After the first ritual, the boys are allowed to venture out into the forest for hunting using bows and wood-made-arrows. It is at this point in time that they master the use of these weapons of traditional warfare.
The word kokwet, derived from kok, a man's sitting place, is used to signify the neighborhood or primary community of 20 to 40 interrelated homesteads.
Adult brothers tend to establish homesteads in different areas and thus the dozens of exogamous clans (ortinwek) are dispersed and intermingled.
On the other hand, marriages tend to be between nearby families, and neighborhoods become small networks of direct and indirect affinal relationships with a few further connections of direct agnation or common clan membership.
Strictly speaking kokwet refers to the occasional gatherings of homestead heads and junior men to make group decisions, settle local disputes, reprimand wrong-doers, celebrate communal work harvests, and so on.
Kokwet meetings are held some distance from the personal space of any particular homestead yard. The meetings are open and attendance consists of those men who have, or take, an interest in the matter at hand.
Whether the issue arises from domestic problems or breaches of the norms of public conduct, individual interests are expressed in terms of kinship.
Senior men, with manifold connections to their neighbors, represent themselves at most meetings and dominate discussion. Some of the younger men who attend do so because of their connections; others come along as friends of their age-mates.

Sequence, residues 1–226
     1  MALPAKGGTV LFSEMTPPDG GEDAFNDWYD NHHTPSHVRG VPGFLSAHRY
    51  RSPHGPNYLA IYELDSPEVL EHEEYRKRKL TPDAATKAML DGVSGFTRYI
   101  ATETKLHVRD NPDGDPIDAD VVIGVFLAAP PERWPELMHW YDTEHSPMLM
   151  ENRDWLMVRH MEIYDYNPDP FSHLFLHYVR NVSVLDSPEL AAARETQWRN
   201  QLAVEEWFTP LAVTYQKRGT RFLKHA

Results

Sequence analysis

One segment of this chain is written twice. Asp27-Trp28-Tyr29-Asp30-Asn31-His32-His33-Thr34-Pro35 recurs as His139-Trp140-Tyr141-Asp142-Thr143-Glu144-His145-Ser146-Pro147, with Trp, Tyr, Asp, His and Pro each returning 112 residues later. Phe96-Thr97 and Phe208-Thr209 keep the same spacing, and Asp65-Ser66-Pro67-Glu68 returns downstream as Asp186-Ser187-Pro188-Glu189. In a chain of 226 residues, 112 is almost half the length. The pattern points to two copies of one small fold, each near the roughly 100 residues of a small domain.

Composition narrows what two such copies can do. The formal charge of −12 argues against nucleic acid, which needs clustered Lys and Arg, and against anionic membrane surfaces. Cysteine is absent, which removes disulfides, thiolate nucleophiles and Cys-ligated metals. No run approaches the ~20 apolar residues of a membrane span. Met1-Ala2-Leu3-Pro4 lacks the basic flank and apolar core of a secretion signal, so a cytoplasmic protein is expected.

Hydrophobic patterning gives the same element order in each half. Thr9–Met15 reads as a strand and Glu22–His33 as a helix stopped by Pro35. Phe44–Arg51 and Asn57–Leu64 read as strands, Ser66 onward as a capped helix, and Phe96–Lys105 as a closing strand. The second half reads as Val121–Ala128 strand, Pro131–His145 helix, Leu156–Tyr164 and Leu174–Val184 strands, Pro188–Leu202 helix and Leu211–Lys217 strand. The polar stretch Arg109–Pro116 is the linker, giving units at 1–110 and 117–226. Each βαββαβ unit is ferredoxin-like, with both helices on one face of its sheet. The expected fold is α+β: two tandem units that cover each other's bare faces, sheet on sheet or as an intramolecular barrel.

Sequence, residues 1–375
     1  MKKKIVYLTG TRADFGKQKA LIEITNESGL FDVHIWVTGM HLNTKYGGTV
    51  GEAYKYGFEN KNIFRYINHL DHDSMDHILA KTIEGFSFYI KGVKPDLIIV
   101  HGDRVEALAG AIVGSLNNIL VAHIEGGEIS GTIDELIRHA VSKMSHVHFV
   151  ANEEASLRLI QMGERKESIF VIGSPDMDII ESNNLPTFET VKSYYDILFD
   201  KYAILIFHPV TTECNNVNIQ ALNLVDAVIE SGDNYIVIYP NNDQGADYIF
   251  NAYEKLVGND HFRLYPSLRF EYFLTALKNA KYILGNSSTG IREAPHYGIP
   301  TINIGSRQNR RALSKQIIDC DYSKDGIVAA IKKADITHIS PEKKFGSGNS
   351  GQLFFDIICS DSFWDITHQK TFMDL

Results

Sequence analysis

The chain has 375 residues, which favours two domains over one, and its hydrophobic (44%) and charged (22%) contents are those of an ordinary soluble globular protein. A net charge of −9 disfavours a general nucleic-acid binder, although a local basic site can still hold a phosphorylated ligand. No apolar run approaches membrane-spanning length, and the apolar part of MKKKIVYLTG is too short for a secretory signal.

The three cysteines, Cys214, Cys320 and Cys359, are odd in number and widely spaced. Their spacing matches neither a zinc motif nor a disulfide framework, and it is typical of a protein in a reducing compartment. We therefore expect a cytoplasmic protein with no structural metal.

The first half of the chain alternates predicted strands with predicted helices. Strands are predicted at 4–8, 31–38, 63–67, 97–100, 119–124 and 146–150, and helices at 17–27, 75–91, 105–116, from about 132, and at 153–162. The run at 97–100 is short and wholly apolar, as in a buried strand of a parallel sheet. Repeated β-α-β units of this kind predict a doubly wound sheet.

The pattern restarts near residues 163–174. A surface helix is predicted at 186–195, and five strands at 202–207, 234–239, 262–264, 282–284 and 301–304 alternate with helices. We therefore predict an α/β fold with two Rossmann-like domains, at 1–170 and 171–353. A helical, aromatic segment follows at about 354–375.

Younger men speak only when their opinions or knowledge of a case are solicited. Women and children may be called to kokwet meetings to give evidence but otherwise do not attend.
Streams and rivers hinder interaction and local networks tend to develop on particular hillsides or higher ground.
Thus, although the composition of the group is slightly different in each instance, the large majority of men present are always close neighbors.
Hence, communities are spatial entities although they are not ultimately defined by topographical features.
Similarly, place names refer more often to a past event or a significant natural feature within a community than to a naturally demarcated area.
The referents of Kipsigis place names are neither hierarchically arranged nor mutually exclusive.
The term koret, used to refer to a coherent land area of a few communities, and emet, used to refer to a wider region or even the land controlled by a whole tribe, are likewise indefinite.
In short, the key to understanding Kipsigis spatial concepts beyond the personal space of homesteads is the realization that they are defined in terms of nodes or focal points and lack true boundaries.
Social Organization of the Kipsigis People in Kenya
There are seven sequentially recurring age sets, called ipinda. One is free to dance, drink, and carry on with age mates but ought to be more circumspect in the company of seniors. Men should not marry the daughters of their age mates.